Grist's coverage of Copenhagen climate talks

COPENHAGEN—Seven Democratic leaders from the U.S. House of Representatives made an appearance in the Bella Center on Thursday, spreading the message that treaty negotiations have the support of the House along with President Obama.

Pelosi and colleagues at Copenhagen talksPhoto evidence: Congress cares! Speaker Nancy Pelosi (center, in red … duh) brought along six fellow Democrats to make sure everyone knows it’s the Senate’s fault! The dudes, from left to right: Markey, Waxman, Hoyer, Miller and Barton. Where’s Rangel?UNFCCC via FlickrThe delegation doesn’t wield formal power here and didn’t announce any concrete action, except to remind everyone that it’s already taken a big step by passing the Waxman-Markey clean energy bill in June. The subtext was: if the Senate wasn’t holding up everything, the U.S. would already have a climate plan with a cap-and-trade mechanism (and health care reform, new financial regulation, and who knows what else).

“The legislation we passed in the House is sitting in the Senate,” Energy and Commerce Committee chairman Henry Waxman said at a press briefing.

“We consider the climate change issue a national security issue because we want energy independence,” Speaker Nancy Pelosi said. “It’s an economic issue. We come here about one word: It’s about jobs. It’s about jobs that are sustainable for the future. New jobs, new technology, new green jobs for a green revolution.”

Those keywords, in case they weren’t clear, are jobs and national security. Senior Democratic House members Ed Markey, Charles Rangel, Steny Hoyer, Bart Gordon, and George Miller offered similar talking points. (Miller, BTW, is blogging from Copenhagen.)

“We also believe we’re about to unleash the greatest technological revolution that has ever been seen,” said Markey, chairman of the Select Committee on Energy Independence and Global Warming. “We will not only be cooperating, but we will be competing as nations to be the leaders in this renewable and efficiency revolution. I believe that once we establish this goal and have the rest of the world begin to compete, it will be not unlike the telecommunications revolution of the 1990s.”

Just as it was impossible to predict eBay, Amazon, Google, and Youtube at the dawn of the internet era, Markey said, “the same change is going to happen in this cleantech sector.”

Sign Up for More News from GristWaxman brought up the well-worn “what about China?” concerns. “Americans are going to ask ‘What are other countries going to do?'” he said. “How are they going to be a part of the effort we are seeking to undertake in the United States?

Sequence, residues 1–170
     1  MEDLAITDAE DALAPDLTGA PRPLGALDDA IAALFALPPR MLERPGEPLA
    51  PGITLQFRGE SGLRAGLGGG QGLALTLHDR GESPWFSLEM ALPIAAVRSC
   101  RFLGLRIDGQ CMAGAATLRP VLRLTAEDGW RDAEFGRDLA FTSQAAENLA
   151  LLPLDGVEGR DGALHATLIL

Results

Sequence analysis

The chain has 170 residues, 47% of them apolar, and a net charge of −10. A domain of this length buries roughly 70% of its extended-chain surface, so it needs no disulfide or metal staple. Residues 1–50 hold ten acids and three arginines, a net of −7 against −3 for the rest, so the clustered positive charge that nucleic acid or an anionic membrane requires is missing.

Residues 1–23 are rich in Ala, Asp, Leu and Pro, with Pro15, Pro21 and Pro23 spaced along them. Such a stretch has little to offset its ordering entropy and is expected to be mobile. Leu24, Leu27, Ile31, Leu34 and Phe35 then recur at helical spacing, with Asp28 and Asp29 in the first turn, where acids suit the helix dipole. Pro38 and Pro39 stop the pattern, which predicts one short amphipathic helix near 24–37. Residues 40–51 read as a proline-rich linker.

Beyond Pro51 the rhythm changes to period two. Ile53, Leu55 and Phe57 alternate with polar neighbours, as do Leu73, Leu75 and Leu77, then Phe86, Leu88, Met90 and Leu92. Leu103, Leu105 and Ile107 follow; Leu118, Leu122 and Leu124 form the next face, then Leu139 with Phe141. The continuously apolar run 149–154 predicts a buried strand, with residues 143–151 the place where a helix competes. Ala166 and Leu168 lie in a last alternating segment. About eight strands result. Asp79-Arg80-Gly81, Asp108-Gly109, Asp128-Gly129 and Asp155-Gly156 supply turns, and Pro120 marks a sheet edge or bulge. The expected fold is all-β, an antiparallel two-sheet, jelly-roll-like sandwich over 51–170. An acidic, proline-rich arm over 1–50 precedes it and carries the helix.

“Now, we’re not acting based on other countries, even though we’re concerned about how much they do. We’re acting in the interests of the United States, to wean ourselves off the dependence on foreign oil–which is a national security matter–to produce more jobs, as the Speaker so indicated, and to do our part to reduce carbon emissions.”

It was hard to miss the lack of energy the seven lawmakers brought. They thanked each other repeatedly for showing up, laughed at Pelosi’s jokes when no one else did, and showed little of the urgency that’s coursing through the Bella Center today.

So it was somehow disjointing to push out of the press conference room and end up talking in the hallway with Chelsea Howard-Foley. Howard-Foley, a 20-year-old political science major from St. Mary’s College of Maryland, is one of the few climate activists allowed into the conference center today. Of 2,000 registered youth delegates, she said, only 16 were admitted today because of space constraints. Organizers may not allow any of them back in tomorrow, so she’ll try to sleep inside somewhere. She’s fasting for 24 hours in support of sufficient climate treaty, and she’s talking to as many delegates as she can to petition for a climate plan that reflects her generation’s interests.

“Our Congress members, some of them are older than my grandmother,” she said. “So them trying to say what’s right for us…”

She didn’t finish the thought. She said she’s missing three weeks of classes to be here with the Sierra Student Coalition. Other students are skipping finals and using their own savings to be here.

It’s probably lack of sleep, but I’m finding myself more than a little moved knowing that students are skipping finals, fasting, hiding overnight in the conference center, all to demand peacefully but firmly for a scientifically sane climate plan. What would happen if members of Congress went to those lengths to work for a real deal? What would happen if they fasted and stayed here overnight and used every resource they had?

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